Though caring for a 6-year-old and 2-and-a-half-year-old is very much a full-time job, Rodgers hasn’t ruled out pursuing work outside the home as his children grow.

“You want to keep your adult mind engaged, [but] I certainly would look for something that would allow me to continue to spend a lot of time with the kids,” he said.

It’s also important to Rodgers to be there to support his wife as she faces all the challenges and stresses inherent with her work in Congress.

“Early on, I learned that the best thing I can do for [her] is make sure she gets a good night’s rest and make sure she has a good breakfast in the morning,” he said. “It’s fun to support Cathy. It’s fun to see her using her gifts and reaching her potential.”

Wasserman Schultz and McMorris Rodgers aren’t the only female lawmakers praising their husbands for their help and support as they work to meet demands on Capitol Hill.

Sen. Barbara Boxer’s (D-Calif.) husband has stood by her since she won her first House seat in 1982 representing California, where the couple then lived with their two children.

“My husband and I have always supported each others’ careers in every way,” she wrote in an email regarding her longtime spouse, Stewart, a founding partner at law firm Boxer & Gerson LLP.

“Without his support, and the support of my children and now my grandchildren, I could never do my job,” Boxer added.

Fellow Sen. Kelly Ayotte (R-N.H.) calls her own husband, Joe Daley, her “wing man.”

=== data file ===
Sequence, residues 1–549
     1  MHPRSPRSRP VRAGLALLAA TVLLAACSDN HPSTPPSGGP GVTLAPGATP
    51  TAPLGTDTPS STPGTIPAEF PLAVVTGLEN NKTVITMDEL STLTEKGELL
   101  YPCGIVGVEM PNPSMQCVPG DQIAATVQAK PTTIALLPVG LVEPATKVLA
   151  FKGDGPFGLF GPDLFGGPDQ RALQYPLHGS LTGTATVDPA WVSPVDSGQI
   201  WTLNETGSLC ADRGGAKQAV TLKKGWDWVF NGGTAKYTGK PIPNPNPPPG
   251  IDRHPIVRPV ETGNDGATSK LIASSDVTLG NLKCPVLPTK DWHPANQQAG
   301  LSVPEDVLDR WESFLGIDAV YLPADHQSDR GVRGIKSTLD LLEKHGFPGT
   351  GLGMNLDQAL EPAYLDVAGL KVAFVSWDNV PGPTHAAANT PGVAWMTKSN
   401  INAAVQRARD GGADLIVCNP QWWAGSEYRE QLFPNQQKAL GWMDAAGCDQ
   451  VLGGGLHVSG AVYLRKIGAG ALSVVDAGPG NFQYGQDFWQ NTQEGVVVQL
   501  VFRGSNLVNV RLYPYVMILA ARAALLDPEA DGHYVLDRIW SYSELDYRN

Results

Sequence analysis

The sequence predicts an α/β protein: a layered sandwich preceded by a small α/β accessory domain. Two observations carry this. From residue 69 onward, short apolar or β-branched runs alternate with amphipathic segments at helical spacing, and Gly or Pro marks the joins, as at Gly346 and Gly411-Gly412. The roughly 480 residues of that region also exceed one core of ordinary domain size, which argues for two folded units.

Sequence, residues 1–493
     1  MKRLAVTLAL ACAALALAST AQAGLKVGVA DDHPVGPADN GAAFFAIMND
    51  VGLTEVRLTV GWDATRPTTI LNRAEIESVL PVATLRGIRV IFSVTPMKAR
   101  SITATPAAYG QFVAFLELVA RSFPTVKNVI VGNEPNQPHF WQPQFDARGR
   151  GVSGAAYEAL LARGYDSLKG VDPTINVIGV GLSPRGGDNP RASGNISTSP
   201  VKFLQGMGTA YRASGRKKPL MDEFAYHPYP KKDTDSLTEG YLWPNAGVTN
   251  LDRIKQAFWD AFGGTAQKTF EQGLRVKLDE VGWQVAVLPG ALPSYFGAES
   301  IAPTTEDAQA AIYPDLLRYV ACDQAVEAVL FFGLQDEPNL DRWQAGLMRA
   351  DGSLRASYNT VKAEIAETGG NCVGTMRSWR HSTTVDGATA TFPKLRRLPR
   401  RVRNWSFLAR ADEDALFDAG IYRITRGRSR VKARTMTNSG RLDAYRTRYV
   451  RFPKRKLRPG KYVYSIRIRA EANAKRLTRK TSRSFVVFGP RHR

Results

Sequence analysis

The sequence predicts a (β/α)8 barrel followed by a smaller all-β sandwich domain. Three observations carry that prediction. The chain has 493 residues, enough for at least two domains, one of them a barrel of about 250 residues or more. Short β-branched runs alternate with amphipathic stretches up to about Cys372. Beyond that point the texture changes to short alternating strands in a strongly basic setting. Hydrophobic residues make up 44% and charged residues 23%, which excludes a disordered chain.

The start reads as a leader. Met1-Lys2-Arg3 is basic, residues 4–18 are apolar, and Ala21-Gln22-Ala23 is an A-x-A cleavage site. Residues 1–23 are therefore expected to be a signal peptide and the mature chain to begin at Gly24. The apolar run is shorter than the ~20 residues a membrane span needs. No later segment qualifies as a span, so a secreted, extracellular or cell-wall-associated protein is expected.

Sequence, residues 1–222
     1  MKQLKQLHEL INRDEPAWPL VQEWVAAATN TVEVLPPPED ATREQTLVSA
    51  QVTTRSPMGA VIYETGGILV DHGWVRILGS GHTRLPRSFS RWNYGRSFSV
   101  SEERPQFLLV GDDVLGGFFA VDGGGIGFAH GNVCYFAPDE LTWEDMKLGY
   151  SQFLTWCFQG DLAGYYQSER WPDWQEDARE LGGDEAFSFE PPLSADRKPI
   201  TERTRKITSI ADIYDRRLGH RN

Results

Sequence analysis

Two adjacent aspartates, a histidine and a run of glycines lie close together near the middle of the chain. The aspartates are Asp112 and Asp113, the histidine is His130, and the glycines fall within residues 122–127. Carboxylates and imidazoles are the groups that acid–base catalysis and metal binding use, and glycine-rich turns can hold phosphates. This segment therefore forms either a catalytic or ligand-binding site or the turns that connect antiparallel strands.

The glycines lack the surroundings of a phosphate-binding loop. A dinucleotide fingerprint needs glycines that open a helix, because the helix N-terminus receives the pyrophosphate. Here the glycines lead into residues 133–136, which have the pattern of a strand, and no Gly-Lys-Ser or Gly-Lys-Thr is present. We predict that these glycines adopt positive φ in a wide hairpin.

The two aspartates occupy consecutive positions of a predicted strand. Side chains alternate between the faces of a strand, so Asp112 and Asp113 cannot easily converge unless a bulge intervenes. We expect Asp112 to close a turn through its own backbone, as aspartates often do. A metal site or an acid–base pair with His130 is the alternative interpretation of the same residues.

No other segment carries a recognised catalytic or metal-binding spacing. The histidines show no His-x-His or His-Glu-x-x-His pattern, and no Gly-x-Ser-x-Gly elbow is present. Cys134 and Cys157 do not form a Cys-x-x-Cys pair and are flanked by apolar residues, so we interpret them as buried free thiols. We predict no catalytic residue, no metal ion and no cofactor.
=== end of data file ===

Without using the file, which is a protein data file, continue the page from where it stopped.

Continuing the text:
“He keeps the trains at home running on time, which enables me to do this job,” she wrote in an email to The Hill.

Daley was commissioned as a 2nd Lieutenant in the U.S. Air Force in 1990 and served on active duty for 10 years, according to Ayotte’s office. Subsequently, he joined the Air National Guard, flying combat missions in Bosnia and Iraq before retiring in 2012 as a Lieutenant Colonel.

He currently owns and operates a family landscaping and snow removal company and resides in Nashua, N.H., with the couple’s two young children.

“We’re both strongly committed to public service, and he helps keep me focused on the reason I ran for Senate in the first place — getting our fiscal house in order so that our children can have the same opportunities that we did,” Ayotte concluded of her husband.

Though the number of women in Congress continues to grow — a record 101 lawmakers in the 113th Congress are female — only eight currently have children under the age of 10, according to Wasserman Schultz.

She reports lunching with fellow female lawmakers and mothers like Rep. Linda Sánchez (D-Calif.) and Sen. Kirsten Gillibrand (D-N.Y.) to discuss the day-to-day challenges they face.

“It’s a demanding job, the schedule is intense,” she said. “It is challenging for women who have kids to make the decision to run because of the intensity of the schedule.”

Flexibility at home, and a supportive partner, can help alleviate the burden female lawmakers face when representing their districts or states.

“I hope more families raise their sons, as well as their daughters, to believe in equal parenting like my husband,” she added.

And, as so many of their male counterparts in Congress publicly thank their wives on the campaign trail for their help in keeping the home fires burning, Wasserman Schultz thinks husbands deserve the same praise.

“No one gives credit to the husbands,” she concluded. “I couldn’t do it unless my husband was as committed as he is.”